Wednesday, May 03, 2006
BBC-Media Center-Reuters "trust" poll finds 18-24 news users volatile and moving to web
BBC-REUTERS-MEDIA CENTER GLOBAL POLL ON TRUST:
Lack of Trust Driving Consumers to Switch News Providers
A 10-nation poll conducted for Reuters, the BBC and The Media Center across four continents, finds that in a world of committed news junkies, trust in the news provider is a key issue. While some 72 percent of respondents characterized themselves as keen news followers, almost three in ten people have abandoned a media source over the past year due to a lack of trust in its content.
Conducted by polling company GlobeScan as part of this week's Reuters / BBC / Media Center 'We Media' Forum, a major 10-nation public opinion poll exploring trust in the media has found that even though the media is more trusted than the national government in half the countries surveyed, significant numbers of people are switching news sources because they do not trust the information they receive. Release and discussion of the poll results opened the We Media Global Forum, presented by The Media Center at the BBC and Reuters in London, May 3-4, 2006. See the video and join the online discussion here: http://www.mediacenterblog.org/events/06/wemedialondon/home/
Get the full poll results here: http://www.globescan.com/news_archives/bbcreut.html
Media is trusted by an average of 61 percent compared to 52 percent for governments across the countries polled. But the US bucked the trend - with government ahead of media on trust (67% - 59%) along with Britain (51% - 47%).
Trust in media was highest in Nigeria (88% v 34% gov't.) followed by Indonesia (86% v 71%), India (82% v 66%), Egypt (74%, gov't. not asked), and Russia (58% v 54%).
National TV was the most trusted news source overall (trusted by 82%, with 16% not trusting it) - followed by national/regional newspapers (75% vs 19%), local newspapers (69% vs 23%), public radio (67% vs 18%), and international satellite TV (56% vs 19%). Internet blogs were the least trusted source (25% vs 23%) - with one in two unable to say whether they trusted them. TV was also seen as the most 'important' news source (56%) followed by newspapers (21%), the Internet (9%) and radio (9%).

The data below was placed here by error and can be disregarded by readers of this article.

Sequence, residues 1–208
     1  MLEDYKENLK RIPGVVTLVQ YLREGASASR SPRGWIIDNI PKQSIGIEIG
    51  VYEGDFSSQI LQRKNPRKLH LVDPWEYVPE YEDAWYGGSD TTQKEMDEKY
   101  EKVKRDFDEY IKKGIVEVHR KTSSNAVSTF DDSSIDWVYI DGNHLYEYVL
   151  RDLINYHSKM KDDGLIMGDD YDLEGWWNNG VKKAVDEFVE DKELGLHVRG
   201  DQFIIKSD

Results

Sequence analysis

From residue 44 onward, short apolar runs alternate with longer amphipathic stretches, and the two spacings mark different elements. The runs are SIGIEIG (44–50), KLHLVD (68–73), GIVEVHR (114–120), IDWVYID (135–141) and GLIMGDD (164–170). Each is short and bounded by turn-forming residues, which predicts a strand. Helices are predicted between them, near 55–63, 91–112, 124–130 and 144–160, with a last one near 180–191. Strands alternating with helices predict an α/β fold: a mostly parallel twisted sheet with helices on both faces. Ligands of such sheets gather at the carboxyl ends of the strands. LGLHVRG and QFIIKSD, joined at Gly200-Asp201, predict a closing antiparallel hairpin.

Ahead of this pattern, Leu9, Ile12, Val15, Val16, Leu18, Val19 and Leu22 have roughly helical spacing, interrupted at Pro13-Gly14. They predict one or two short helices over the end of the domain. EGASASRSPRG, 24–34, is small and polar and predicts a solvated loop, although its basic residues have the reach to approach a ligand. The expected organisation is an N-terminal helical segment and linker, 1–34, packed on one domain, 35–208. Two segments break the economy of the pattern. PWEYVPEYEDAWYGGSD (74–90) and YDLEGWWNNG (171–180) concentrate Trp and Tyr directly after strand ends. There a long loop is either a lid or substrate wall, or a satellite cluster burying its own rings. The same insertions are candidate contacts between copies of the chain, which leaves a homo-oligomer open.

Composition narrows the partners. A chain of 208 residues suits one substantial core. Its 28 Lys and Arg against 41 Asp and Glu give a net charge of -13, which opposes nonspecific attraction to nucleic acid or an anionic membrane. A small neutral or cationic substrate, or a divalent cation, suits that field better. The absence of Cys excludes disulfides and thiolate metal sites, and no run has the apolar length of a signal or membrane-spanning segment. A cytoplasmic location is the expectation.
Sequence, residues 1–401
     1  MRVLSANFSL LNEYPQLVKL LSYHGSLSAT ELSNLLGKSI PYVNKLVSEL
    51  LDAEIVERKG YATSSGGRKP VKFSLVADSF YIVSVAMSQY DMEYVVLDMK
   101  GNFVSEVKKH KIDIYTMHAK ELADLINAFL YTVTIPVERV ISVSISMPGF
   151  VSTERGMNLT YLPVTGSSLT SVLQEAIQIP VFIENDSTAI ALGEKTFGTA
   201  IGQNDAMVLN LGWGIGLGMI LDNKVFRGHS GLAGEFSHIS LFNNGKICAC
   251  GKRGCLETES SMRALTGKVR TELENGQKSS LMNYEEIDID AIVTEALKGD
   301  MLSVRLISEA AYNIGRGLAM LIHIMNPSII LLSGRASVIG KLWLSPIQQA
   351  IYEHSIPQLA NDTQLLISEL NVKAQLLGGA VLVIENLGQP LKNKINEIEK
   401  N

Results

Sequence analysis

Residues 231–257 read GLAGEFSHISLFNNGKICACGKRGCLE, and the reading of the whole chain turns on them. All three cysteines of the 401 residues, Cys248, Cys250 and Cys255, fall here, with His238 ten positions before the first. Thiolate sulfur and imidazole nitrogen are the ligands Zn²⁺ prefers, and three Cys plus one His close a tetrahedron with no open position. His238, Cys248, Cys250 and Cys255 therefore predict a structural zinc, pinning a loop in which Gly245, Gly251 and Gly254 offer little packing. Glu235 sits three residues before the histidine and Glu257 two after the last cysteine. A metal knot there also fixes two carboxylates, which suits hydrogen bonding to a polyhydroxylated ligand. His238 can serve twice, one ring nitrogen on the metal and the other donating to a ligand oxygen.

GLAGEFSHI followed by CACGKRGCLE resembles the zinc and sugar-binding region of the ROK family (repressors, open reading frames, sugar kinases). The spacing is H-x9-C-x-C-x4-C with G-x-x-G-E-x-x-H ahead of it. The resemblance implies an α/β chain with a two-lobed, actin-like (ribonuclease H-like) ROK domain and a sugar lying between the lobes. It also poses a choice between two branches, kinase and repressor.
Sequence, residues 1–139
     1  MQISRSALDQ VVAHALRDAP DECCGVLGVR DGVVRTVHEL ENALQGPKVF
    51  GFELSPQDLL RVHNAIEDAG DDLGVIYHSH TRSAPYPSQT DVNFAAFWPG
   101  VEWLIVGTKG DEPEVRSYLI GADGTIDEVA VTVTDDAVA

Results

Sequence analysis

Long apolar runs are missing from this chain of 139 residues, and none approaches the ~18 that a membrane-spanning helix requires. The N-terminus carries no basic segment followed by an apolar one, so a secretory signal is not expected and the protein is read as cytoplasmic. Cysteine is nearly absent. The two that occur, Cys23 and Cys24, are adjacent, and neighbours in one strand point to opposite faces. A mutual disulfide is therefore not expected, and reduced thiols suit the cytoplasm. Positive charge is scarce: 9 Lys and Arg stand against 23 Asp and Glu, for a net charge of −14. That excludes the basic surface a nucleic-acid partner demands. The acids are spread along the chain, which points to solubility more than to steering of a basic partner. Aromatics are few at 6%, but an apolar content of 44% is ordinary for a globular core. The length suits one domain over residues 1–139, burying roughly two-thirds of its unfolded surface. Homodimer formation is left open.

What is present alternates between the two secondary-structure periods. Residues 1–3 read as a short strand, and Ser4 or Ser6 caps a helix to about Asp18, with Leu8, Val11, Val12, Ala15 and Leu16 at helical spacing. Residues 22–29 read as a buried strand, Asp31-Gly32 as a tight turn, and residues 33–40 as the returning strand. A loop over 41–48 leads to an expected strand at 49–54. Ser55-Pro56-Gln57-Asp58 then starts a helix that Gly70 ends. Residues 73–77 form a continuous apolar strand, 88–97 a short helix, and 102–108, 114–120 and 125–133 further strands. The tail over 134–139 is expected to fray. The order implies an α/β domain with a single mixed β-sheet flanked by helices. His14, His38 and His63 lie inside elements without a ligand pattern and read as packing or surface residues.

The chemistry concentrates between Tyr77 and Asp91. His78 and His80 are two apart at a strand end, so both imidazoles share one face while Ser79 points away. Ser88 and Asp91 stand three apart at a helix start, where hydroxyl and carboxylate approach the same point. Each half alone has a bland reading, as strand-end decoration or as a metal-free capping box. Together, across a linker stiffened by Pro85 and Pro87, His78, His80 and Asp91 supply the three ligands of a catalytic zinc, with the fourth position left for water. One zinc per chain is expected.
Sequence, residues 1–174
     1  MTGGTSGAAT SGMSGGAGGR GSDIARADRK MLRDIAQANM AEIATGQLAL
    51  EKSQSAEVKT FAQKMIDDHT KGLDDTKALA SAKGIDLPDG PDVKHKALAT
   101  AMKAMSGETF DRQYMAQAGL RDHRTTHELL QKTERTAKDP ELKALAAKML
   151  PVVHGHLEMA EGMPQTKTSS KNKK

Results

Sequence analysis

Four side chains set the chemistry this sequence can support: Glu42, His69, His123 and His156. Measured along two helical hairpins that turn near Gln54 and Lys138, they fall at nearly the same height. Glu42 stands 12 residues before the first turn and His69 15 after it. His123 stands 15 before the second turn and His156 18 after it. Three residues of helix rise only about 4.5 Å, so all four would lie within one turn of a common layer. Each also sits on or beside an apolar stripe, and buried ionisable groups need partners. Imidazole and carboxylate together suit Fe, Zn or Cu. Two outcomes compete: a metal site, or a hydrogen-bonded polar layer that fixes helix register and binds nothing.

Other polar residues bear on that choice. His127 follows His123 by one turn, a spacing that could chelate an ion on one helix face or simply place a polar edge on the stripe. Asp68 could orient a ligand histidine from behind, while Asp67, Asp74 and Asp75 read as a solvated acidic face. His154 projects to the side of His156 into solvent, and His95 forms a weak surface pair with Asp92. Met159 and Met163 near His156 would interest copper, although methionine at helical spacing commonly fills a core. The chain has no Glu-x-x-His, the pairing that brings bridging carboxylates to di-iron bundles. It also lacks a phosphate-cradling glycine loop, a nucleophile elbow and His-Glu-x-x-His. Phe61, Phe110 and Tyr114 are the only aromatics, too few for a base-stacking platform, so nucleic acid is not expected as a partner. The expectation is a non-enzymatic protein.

One in four (28%) reported abandoning a news source over the last year after losing trust in its content. A total of 10,230 adults were questioned by GlobeScan in the UK, USA, Brazil, Egypt, Germany, India, Indonesia, Nigeria, Russia, and South Korea in March and April.
Other key findings included:
* Strong demand across all countries and ages for news: seven in ten (72%) follow news closely every day - including two in three (67%) in the 18-24 age range.
* Two in three people believe news is reported accurately (65%), but more than half (57%) believe governments interfere too much with the media and only 42 percent think journalists can report freely. People are divided on whether the media covers all sides of a story, with 41 percent disagreeing.
* Nigerians believed most strongly that government interferes too much in the media (75%) followed by South Korea (71%), Brazil (64%), Indonesia (59%), Britain (58%), India (56%), and the US (52%).
* Three of four people (77%) prefer to check several news sources instead of relying on just one, especially Internet users.
* More men (76%) than women (69%) said they followed the news closely every day.
* Trust in media has increased overall over the last four years - in Britain up from 29 percent to 47 percent and in the US from 52 percent to 59 percent.
* Younger people use online sources most - being the first choice among 19 percent aged between 18 and 24 compared to just 3 percent in the 55-64 age range. But 56 percent overall valued the opportunity to obtain news online - South Koreans being the most enthusiastic at 85 percent. Britain was on 57 percent and the US on 60 percent.
SOURCE: The Media Center 11690 Sunrise Valley Drive Reston VA 20191
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